The main downsides to the Gaggia are that it doesn’t have a precise temperature controller, and it doesn’t do pre-infusion. It also wasn’t my first choice of machine; I was actually intending to buy a Breville Bambino Plus but at the time they were completely out-of-stock at every retailer I tried to order it at, and my next choice was the Solis Barista Perfetta but it was impossible to place an order which didn’t keep on getting canceled for bizarre reasons. Both of those seem like fine machines, though, and they get very good reviews.


I bought a bottomless portafilter off AliExpress (specifically in the A2 style). Bottomless makes it easier to diagnose issues with espresso shots, and also makes it easier to fit an espresso cup and scale underneath when using the stock drip tray.

There are similar portafilters available on Amazon, but I didn’t like any of the materials or styles available there.

If you get a portafilter with a wooden handle, I highly recommend sealing the wood with mineral oil to improve the water resistance and finish.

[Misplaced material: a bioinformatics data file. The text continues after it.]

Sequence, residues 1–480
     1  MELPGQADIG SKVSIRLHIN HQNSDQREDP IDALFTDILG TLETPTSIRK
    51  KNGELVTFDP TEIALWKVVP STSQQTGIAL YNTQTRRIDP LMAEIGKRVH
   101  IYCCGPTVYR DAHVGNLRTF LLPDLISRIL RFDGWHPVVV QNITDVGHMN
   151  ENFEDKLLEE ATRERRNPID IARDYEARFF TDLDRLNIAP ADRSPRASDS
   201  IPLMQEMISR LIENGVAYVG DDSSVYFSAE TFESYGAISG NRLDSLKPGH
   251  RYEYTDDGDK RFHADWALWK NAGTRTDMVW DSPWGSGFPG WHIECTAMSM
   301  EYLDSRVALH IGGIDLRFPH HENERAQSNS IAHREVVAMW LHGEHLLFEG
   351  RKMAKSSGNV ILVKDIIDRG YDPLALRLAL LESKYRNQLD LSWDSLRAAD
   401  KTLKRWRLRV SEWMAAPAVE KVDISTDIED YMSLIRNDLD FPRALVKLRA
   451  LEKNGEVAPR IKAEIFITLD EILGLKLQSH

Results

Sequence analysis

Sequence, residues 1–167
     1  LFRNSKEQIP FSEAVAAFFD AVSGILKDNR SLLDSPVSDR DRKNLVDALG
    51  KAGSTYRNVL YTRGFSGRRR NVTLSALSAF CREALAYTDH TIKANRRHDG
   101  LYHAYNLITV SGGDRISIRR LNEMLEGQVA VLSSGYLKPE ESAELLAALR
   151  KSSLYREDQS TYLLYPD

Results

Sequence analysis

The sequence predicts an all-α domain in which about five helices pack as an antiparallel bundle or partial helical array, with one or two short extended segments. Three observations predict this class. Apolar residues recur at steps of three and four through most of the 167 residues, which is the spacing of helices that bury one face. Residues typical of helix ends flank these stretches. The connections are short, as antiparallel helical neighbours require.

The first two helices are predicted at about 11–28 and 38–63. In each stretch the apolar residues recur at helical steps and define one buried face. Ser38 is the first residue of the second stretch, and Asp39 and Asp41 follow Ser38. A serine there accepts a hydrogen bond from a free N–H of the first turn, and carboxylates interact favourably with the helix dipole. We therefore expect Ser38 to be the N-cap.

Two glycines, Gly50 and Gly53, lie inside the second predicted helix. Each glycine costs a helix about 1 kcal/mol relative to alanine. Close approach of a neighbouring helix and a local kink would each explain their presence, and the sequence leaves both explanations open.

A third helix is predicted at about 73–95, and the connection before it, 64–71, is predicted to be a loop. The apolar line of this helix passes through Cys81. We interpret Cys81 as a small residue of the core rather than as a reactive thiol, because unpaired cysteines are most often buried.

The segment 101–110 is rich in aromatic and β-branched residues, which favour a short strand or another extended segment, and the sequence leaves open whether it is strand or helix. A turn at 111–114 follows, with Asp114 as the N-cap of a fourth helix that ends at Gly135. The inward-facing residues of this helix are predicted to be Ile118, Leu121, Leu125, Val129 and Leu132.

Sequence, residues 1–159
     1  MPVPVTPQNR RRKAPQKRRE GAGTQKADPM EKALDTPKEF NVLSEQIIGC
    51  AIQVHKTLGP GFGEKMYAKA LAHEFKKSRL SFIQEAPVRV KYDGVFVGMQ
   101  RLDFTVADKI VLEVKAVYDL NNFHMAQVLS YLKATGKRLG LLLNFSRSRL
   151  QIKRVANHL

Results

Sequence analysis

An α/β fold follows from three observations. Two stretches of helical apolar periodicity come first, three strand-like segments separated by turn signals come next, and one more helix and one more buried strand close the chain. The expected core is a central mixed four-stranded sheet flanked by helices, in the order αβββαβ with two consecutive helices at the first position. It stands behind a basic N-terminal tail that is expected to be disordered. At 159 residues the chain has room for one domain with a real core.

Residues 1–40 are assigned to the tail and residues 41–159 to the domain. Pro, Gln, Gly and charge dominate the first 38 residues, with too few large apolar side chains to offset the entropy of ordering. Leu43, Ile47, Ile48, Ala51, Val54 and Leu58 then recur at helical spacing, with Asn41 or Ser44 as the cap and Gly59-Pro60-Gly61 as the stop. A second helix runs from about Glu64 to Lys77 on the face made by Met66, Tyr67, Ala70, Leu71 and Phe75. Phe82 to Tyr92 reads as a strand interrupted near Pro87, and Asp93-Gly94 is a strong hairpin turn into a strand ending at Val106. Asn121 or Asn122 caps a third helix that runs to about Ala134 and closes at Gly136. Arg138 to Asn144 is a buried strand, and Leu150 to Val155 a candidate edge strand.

Also, of course, make sure you get the right portafilter for your machine; these ones are specific to the Gaggia.


I bought a four-basket set from Decent, which included 15, 18, 20, and 22 gram dose sizes. I mostly use the 20 gram basket. This is just a matter of preference. These baskets are quite nice. I also hear good things about the IMS Baristapro baskets, which cost a little more but the total cost might be lower depending on shipping options.

I also use the factory-provided 14 gram basket specifically with ESE pods; see my ESE pod reviews for my thoughts on those.

And, again, if you go with a different machine than mine, make sure you get the right size basket; 58mm is a pretty standard diameter but Breville, for example, uses a smaller 54mm size on most of their consumer models. Decent only comes in 58mm but there are many options for other-sized brewers.

Tamping station

I love this solid wood tamping station that I got off AliExpress. I specifically got the two-hole 58mm version. There are identical ones available on Amazon. And as usual, if you go with a different-size portafilter, yadda yadda.

Setting this up is pretty straightforward. It doesn’t come with instructions, but basically you screw the locking nut onto the adjustment screw until it rests against the screw head, then adjust the height of the screw until the portafilter rests level on top of it, then adjust the locking nut until it holds the screw in place.